Set-Top-Box Lexicon: The PVR And DVR

CIMM's Set-Top Box Data Lexicon is a compilation of terms and definitions associated with Set-Top Box data and its measurement. This Word-A-Week column highlights a term and definition from the Lexicon to help forge a common language for Set-Top Box data usage and expedite the roll-out of the data for its many industry applications. 

Once called Personal Video Recorders, Digital Video Recorders (DVRs) enable viewers to pre-record programs and view them at their convenience in trick play modes. DVRs are also touted as one of the major forms of commercial avoidance, which has in turn led to numerous research studies that try to understand the impact of DVR usage.  

The DVR adoption, currently pegged at about 35% of the television universe, has not yet reached critical mass but has certainly impacted how viewers view television and view (or not view) commercials. But the rate of adoption has been slow: Forecasters say that critical mass will be reached in 2016 when DVRs are estimated to crack the 50% penetration level. ("DVRs Approaching Critical Mass, Finally: Prove More Of A Whimper Than A Big Bang"

While we wait for critical mass to be reached, and the full impact of DVRs to be felt, here are the definitions of both the DVR and PVR:

  

DVR abbr Digital Video Recorder

See also: Personal Video Recorder

CIMM DEFINITION: It is a device that enables a viewer to record video that can be viewed at a later time and with trick play functionality. Definition currently under review by CableLabs.

2.  A device that allows a user to record programming to a hard drive to be watched at a later time available as a standalone device or through the Set-Top Box offered by a cable satellite or Telco service provider. (Source: Nielsen)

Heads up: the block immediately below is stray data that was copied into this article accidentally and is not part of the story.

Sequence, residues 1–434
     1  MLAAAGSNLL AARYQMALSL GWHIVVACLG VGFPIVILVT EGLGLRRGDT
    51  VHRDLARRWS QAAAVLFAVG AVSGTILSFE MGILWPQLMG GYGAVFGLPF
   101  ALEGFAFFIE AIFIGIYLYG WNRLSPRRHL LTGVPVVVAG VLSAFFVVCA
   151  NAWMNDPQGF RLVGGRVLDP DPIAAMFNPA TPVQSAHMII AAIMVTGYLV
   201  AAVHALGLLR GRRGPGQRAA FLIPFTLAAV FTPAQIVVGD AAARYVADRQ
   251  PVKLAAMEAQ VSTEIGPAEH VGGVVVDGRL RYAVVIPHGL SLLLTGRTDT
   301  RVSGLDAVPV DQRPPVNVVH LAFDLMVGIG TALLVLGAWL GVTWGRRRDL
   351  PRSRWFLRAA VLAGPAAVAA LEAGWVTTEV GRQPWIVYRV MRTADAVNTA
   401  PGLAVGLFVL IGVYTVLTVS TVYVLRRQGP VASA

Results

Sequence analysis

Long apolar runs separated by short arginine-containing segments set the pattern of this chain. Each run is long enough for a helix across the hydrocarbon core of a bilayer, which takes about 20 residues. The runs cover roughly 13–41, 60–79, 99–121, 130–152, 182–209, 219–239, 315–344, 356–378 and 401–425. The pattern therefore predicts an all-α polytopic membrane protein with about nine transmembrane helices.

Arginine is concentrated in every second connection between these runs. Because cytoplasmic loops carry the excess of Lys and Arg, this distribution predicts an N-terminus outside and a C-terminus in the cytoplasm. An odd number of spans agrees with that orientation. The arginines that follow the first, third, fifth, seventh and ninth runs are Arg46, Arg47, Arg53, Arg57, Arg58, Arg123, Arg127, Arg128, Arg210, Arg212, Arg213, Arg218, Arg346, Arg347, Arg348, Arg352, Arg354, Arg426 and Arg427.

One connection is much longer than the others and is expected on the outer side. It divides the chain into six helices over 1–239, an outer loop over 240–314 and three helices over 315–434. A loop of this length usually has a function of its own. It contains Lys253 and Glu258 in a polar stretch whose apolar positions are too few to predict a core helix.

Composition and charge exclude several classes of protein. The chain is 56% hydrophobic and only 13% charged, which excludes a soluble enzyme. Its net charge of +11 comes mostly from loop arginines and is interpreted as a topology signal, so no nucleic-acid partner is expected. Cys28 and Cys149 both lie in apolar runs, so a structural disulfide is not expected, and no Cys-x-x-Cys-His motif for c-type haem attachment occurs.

3. A high capacity hard drive that is embedded in a Set-Top Box , which records video programming from a television set. These DVRs are operated by personal video recording software, which enables the viewer to pause, fast forward, and manage all sorts of other functions and special applications. (Source: itvt.com/glossary) 

4. A device that records video in a digital format to a disk drive or other memory medium within a device. The term includes stand-alone Set-Top Boxes, portable media players (PMP) and software for personal computers which enables video capture and playback to and from disk. (Source: IAB)

 

PVR abbr Personal Video Recorder

See also: Digital Video Recorder

CIMM DEFINITION: A consumer device which uses a hard disk drive to record television programs based on the user's preferences. Also provides pause of live television feature. Or a set of equipment that allows a user to timeshift television without removable media. (Source: CableLabs) 

2. Older term for a DVR.

Please refer to the CIMM Lexicon online at http://www.cimm-us.org/lexicon.htm for additional information on these and other terms.

Tags: television, tv
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2 comments about "Set-Top-Box Lexicon: The PVR And DVR".
  1. Douglas Ferguson from College of Charleston , April 21, 2011 at 1:05 p.m.

    PVR. The acronym that will not die! TiVo invented the term and then abandoned it in favor of DVR, which won favor. No matter. PVR lives on, regardless of logic.

  2. John Grono from GAP Research , April 25, 2011 at 7:56 a.m.

    That gave me a chuckle Douglas.

    Down here in Australia we do differentiate between the two.

    A DVR is a Digital Video Recorder - ergo it must be digital and have a hard drive, flash memory, USB drives ... whatever. A PVR is a Personal Video Recorder which obviously includes all the digital ones, but also analogue ones such as VCRs. That is, PVR > DVR. However, in practice PVR = DVR for all intents and purposes.